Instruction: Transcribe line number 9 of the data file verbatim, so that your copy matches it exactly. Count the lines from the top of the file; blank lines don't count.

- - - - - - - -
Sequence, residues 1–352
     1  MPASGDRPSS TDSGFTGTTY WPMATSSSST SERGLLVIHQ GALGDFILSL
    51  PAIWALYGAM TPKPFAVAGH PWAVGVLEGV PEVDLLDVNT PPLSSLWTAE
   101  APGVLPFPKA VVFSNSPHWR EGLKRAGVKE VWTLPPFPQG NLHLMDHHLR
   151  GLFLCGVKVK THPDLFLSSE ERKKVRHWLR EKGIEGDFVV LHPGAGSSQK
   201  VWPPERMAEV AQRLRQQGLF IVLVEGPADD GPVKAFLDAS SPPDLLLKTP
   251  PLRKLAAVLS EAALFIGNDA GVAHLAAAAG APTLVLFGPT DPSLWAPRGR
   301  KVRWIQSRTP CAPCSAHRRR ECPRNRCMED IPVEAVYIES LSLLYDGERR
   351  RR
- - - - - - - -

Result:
   351  RR